Behold Emory Motorsports’ “Transitional” 356 Speedster
If you’re getting tired of the Californian air-cooled Porsche bubble, the cash-heavy movement that seems to be running on social media likes instead of high octane, I hear you. However, Rod Emory’s latest customer build, the 1959½ “Transitional” Speedster, is worth a second peek, as it saved a basket-case Porsche in rather spectacular fashion.
The head of Emory Motorsport, Rod Emory, explains, “Each 356 that we put back on the road is a piece of Porsche history, and we work very hard to preserve that creative spark. The best part of my work is bringing new life to cars that might otherwise be destined for the junkyard.”
Why the “transitional” label, you ask? Porsche had finished with its 356 Speedsters by 1958, so this 1959 project came to be because 1956–61 A and B coupes are perfect for Emory’s conversions, and, given that the donor car’s roof was crushed beyond repair in an accident, a speedster modification felt like the right move forward.
Here’s how the company describes the exterior modifications to its “1959½” creation:
“Emory Motorsports hand formed a racing-inspired aluminum tonneau cover and headrest fairing, perfectly mated to the integral headrest hoop and cage. Other exterior touches include body-hugging bumpers and an unusual reverse-louvered deck lid. Typical bonnet modifications include deleting the handle and adding fuel-filler access for the custom 18-gallon tank. The period-correct Aquamarine Metallic paint was applied by Little Shop of Kustoms in Desert Hot Springs, California. This Outlaw enjoys a race-bred finishing touch, the iconic hand-painted Mobil Pegasus on the front fenders.”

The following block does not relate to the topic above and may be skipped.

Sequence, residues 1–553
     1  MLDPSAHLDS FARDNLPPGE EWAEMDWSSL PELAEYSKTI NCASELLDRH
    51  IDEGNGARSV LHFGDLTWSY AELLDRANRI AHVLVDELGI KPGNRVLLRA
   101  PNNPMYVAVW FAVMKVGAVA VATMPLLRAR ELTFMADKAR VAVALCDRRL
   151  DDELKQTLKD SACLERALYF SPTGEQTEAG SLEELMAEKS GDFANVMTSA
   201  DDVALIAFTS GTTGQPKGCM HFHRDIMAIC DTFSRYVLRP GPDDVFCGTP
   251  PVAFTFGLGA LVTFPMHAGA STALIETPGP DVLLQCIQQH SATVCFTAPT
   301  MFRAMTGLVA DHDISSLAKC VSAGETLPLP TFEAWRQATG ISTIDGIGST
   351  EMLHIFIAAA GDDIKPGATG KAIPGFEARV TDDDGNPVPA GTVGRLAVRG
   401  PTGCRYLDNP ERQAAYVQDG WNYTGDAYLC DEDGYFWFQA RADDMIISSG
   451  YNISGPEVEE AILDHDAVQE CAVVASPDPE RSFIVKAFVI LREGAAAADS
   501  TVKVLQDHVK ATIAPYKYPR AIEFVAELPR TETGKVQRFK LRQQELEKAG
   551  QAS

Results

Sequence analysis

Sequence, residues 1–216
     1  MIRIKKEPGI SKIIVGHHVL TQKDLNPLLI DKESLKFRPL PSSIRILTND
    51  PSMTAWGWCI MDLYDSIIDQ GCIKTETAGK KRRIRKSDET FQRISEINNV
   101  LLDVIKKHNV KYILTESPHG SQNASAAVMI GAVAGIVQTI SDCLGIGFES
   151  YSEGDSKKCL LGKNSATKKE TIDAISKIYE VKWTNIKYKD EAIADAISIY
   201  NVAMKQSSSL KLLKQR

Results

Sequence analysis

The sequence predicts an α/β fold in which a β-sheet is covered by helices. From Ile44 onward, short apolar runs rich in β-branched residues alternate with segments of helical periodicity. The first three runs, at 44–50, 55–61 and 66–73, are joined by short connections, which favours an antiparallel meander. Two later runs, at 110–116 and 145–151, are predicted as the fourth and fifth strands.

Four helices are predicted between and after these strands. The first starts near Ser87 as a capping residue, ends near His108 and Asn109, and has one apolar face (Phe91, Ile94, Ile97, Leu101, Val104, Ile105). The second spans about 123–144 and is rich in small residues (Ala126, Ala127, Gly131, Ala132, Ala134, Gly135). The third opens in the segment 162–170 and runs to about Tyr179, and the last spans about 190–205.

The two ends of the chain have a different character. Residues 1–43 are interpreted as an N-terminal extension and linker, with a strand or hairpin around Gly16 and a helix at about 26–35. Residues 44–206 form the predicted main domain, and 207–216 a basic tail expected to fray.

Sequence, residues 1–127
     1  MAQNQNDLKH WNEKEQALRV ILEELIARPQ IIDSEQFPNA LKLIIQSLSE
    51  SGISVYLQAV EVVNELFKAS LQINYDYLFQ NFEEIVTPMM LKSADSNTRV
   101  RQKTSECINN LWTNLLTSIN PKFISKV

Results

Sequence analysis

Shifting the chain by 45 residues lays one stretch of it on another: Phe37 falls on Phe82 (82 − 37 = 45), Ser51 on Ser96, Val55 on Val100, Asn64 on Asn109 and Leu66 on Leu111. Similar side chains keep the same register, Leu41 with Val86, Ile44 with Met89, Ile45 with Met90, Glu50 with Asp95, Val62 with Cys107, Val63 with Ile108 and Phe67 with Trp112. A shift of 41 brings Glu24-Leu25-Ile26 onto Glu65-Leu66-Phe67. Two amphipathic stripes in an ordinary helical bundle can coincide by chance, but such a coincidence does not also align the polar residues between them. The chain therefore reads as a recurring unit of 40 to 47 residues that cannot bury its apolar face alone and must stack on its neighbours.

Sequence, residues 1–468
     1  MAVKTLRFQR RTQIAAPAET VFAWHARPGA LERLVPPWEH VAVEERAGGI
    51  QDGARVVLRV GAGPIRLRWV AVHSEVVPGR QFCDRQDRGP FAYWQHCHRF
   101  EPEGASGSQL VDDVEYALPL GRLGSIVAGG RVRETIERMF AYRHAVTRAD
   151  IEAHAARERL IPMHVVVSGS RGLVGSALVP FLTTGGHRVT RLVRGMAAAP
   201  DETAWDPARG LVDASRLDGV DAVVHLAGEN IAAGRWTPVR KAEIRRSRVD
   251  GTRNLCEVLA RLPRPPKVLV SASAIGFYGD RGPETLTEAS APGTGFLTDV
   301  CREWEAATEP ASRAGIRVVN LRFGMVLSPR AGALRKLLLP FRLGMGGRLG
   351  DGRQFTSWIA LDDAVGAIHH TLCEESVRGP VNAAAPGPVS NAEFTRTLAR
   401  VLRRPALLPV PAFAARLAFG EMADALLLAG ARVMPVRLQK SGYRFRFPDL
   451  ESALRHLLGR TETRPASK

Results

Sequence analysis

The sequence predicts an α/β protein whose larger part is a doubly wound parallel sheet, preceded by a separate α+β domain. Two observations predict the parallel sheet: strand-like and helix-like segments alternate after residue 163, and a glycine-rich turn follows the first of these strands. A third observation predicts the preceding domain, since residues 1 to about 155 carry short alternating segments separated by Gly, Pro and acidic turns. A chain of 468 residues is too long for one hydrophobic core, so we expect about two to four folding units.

Of course, the Speedster also got Emory’s latest engine option, the 2.4-liter flat-four fed by Weber 48 IDA carburetors. Delivering 205 horsepower, this engine also has dry-sump lubrication and a twin-plug distributor, just in case. Its gearbox is an aluminum-cased four-speed 901 unit, while the chassis got such upgrades as 15-inch wheels, a 901-style independent rear suspension, adjustable Koni dampers all around, and a pair of sway bars.
You may notice that this heavily updated ’59 does not wear a “Speedster” emblem. As Rod Emory explains, “This is a nod to the car’s coupé beginnings and to the idea that we are celebrating the best of what this car still had when we found it.”